“The work of social workers is not valued,” says Egidia Pichon-Leng, child protection project manager for the Auteuil Foundation. “Fewer and fewer qualified people agree to do this job. » To overcome recruitment difficulties, structures are increasingly calling on temporary social workers, with little or no qualification. “In ten days of temporary work, you earn the salary of an educator!” explains Alexis Rivière, an educator specializing in the structure where Demba lives, but moving from one educator to another creates disruptions in the careers of the students. youth. »
Around 70 unaccompanied minors entrusted to the Nord department are accompanied by 9 educators from the Alefpa association, which accommodates them in different apartments in the Lille metropolis. / Mathieu Dréan
Rather than blaming these unaccompanied minors, many advocate looking at the problem the other way around. “We are witnessing a frenzy of political declarations using catastrophic vocabulary,” denounces Michel Caron, former president of Alefpa and author of a report on the children of exile. “But the figures are 14,782 unaccompanied minors entrusted to the ASE in 2022, out of 377,000 children placed in total. » “Accusing 15,000 children of the failure of a system is a bit easy,” adds Violaine Husson, responsible for gender and protection issues at Cimade.
Lille lawyer, specializing in immigration law, Émilie Dewaele accuses. “If all the reception centers are saturated, it is because the departments do not want to release additional funds! » But on the other side of the barrier, they are protesting. “In Côte-d’Or, we allocate 64 million euros to child protection, including 7.5 for unaccompanied minors,” announces François Sauvadet. This is 10 million more than in 2022, and we anticipate 8 million more in 2024.”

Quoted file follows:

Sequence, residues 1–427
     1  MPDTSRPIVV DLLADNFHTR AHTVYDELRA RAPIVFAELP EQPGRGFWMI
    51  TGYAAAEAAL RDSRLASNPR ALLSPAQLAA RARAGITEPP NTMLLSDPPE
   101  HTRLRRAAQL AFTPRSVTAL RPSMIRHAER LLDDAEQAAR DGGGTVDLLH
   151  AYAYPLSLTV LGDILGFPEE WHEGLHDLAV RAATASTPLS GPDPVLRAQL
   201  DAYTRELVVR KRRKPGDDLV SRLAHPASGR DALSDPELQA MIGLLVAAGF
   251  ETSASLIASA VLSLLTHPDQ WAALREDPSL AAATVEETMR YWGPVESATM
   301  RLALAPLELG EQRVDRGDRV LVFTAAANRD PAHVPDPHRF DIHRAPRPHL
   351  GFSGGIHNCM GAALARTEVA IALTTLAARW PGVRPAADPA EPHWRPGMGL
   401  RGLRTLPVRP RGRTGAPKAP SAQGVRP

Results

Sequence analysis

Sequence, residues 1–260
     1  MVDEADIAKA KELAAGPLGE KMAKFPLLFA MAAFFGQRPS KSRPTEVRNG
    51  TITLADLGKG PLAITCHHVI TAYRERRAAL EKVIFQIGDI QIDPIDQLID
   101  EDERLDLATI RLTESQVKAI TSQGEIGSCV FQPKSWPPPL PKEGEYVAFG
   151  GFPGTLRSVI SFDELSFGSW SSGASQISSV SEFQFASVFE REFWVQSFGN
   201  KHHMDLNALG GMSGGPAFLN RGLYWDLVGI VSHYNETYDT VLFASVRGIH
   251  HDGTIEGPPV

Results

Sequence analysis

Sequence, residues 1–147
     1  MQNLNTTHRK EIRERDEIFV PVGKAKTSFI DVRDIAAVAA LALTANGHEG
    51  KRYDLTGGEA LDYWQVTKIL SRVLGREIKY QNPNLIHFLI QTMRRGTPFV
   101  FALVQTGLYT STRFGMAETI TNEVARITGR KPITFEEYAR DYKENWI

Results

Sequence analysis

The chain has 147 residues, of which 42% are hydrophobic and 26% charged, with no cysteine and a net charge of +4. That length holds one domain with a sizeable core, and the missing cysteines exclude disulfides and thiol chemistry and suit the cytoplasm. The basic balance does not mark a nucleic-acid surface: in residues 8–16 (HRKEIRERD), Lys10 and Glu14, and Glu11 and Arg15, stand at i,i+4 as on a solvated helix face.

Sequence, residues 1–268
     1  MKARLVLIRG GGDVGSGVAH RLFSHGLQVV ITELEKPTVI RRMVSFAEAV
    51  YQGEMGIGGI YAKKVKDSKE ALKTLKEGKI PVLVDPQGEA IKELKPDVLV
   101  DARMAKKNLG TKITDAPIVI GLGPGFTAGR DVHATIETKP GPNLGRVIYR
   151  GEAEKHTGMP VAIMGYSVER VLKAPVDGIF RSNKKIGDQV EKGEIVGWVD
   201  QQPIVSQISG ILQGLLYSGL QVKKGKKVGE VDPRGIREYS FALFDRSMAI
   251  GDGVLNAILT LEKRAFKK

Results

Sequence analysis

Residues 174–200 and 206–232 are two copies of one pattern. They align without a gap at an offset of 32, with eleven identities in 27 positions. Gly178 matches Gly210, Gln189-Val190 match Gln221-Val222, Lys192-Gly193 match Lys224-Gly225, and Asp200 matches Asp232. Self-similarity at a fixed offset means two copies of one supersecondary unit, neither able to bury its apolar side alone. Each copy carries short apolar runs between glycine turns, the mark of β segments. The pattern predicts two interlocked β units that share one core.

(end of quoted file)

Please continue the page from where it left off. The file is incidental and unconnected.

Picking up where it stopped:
To meet budgets, the departments have developed a new strategy, “specific MNA systems”: the latter are separated from children in the area and placed between them, in structures with lower operating costs, with the aim of relieving congestion in the systems. For a structure welcoming young people from the region in the North, the day price, financing the supervision of young people, night supervision, but also school, food and activities, is €150. For MNA devices, it is €63.
Demba now lives with his Turkish roommate Emirkane in an apartment in Lille managed by the Alefpa association. / Mathieu Dréan
Accommodation of young foreigners alone in hotels is gradually developing, with a visit from an educator from time to time. “Imagine these teenagers, left to their own devices in often shabby hotel rooms, 30 km from their high school, without being able to cook,” laments Violaine Husson of Cimade.Among the young people from the ASE staying in the hotel – a practice in theory banned since 2022 – 90% would be unaccompanied minors.